He still has the same rights to the community--he is not lonely. He is given benefits so he is not homeless. He has healthcare so he does not die. Embarrassment in this case is temporal and not very large--in cases of high popularity it may be larger, but that would be due to a mistake that he/she made. He has many benefits, and has it better than most countries in his upper scale poverty. And lastly, sadness, depending solely on what makes him/her happy--people and religion make me happy, so I would be perfectly content in his situation.

The other part of your argument was companies and people will kill to maintain a profit/popularity.
People still perform terrible acts in socialism, the only difference is that in capitalism people have more incentive. You may argue that the government could intervene and save lives. The Ford Pinto exploded on rear impact and Ford did not recall them, and people pay to hide detrimental effects as in your baby milk example.

But in the first example people would find out about it and not buy it, hence capitalism, or take the risk, hence freedom; and in the second, if the people don't know, how will the government.

The last thing I want to point out is freedom makes things work properly. When we intervene and try to be smarter than our human nature, things worsen. A great example is zebra mussels. We added fish to kill them after they were hurting other fish, but in-turn set up a chain reaction of events which moreso lead to the eventual deaths of the fish we tried to save, and others.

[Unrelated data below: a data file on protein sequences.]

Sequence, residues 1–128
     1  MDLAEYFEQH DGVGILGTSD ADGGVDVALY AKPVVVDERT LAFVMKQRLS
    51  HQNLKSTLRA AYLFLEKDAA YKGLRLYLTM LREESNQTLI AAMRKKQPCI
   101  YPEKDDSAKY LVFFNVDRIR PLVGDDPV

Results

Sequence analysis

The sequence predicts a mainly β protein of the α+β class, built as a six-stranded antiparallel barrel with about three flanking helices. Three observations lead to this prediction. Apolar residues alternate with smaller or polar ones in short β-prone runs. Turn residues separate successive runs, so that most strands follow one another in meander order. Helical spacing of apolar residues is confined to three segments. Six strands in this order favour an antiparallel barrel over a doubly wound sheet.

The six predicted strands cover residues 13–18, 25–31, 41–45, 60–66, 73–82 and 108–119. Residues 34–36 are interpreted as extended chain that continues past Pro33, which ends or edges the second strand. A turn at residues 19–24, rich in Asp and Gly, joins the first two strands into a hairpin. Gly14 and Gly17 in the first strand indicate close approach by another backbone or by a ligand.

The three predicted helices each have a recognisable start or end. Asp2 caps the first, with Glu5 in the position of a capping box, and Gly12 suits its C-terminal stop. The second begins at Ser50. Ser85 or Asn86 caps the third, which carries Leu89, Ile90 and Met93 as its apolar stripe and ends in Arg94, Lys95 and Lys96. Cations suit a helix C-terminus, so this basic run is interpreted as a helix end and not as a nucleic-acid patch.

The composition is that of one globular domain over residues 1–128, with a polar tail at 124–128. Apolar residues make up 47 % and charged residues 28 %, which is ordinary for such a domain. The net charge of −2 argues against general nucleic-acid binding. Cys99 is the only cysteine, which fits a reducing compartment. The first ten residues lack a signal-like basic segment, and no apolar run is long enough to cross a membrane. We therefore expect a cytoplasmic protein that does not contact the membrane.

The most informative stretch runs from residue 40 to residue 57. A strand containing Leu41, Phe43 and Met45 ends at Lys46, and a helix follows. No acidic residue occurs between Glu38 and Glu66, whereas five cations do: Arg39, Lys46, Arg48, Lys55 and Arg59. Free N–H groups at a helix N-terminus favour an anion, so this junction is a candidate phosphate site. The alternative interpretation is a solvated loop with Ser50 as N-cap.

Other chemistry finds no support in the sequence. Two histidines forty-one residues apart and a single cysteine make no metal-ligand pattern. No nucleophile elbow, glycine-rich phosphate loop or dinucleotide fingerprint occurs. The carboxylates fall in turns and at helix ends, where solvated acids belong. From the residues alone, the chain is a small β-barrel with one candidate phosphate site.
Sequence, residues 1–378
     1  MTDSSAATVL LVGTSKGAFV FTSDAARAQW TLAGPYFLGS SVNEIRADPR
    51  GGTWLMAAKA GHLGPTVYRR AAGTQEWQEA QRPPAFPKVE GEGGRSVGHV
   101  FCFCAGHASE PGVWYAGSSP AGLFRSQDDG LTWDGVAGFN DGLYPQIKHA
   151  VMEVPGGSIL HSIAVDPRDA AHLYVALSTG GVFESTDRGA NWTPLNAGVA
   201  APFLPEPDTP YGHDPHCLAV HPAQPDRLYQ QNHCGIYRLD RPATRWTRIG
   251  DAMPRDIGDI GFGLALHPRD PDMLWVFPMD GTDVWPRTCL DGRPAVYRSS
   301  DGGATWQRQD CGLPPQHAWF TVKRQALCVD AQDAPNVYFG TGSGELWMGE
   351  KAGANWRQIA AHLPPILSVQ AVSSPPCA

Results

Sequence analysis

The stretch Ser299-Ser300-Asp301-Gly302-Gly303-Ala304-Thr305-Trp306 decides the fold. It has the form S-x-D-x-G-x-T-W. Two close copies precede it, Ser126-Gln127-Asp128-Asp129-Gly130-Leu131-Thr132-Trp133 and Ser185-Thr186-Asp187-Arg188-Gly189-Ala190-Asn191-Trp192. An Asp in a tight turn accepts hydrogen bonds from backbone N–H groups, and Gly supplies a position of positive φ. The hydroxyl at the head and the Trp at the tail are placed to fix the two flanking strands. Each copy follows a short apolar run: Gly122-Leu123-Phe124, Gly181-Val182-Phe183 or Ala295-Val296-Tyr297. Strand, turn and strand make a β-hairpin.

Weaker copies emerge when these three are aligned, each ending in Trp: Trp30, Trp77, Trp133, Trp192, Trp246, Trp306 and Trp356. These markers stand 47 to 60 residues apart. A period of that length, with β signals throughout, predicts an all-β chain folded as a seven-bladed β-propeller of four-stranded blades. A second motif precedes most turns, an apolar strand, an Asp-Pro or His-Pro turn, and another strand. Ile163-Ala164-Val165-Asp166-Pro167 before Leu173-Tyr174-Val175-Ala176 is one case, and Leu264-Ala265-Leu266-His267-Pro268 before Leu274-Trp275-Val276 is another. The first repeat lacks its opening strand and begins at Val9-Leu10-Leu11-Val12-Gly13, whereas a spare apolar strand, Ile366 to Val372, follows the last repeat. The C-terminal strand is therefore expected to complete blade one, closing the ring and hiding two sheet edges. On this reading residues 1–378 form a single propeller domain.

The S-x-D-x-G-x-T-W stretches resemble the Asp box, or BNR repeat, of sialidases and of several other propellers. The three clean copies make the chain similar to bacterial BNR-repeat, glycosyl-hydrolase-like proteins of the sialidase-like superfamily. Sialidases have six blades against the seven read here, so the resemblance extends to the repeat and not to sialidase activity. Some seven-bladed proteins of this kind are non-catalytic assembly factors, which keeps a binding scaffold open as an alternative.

In capitalism problems will work their way out. Profit does not kill people, people do, and a way to counter this nature according to you is to take away people's freedom, everyone's freedom, and stunt the country's growth. But remember, socialism is not the remedy to the freedom that you didn't like. It will still happen!


ken2esq forfeited this round.
Debate Round No. 3


You proposed very well thought arguments; I hope you come back for the last round.


ken2esq forfeited this round.
Debate Round No. 4
25 comments have been posted on this debate. Showing 1 through 10 records.
Posted by fazz 7 years ago
Will the real von hayek please stand up?
Posted by blaze8 7 years ago
As a Final note on why Marx is close to Smith, both use the Labor Theory of Value. Their brand of Capitalism is inherently different from the brand we see from Neoclassical Utility theory or Informational Economics. So it is absolutely appropriate to say that Marx took Smith's theories and ran with them.
Posted by blaze8 7 years ago
Marx: Marx takes Labor Theory of Value as outlined by Smith, Ricardo, and the Physiocrats and runs with it. Marx's theory on exploitation is based solely around the Labor Theory of Value. Exploitation occurs because Labor power is squeezed out of the laborers to produce extra use value, leading to profits. Profits don't come from exchange, they come from a Laborer's labor power being squeezed into the good through increasing the length of the work-day, new technology, or making laborers work harder in the same amount of time. Furthermore, Marx believed that Capitalism would NATURALLY result in Socialism because rate of profits fall, and the capitalist has no choice but to squeeze the laborer harder and harder to recover profits, which in turn causes them to fall even more, finally resulting in a proletariat revolution. If the rich are supposed to be getting richer, as you claim, how does that reconcile with Marx's theory on falling rates of profits? Wouldn't they be getting poorer progressively?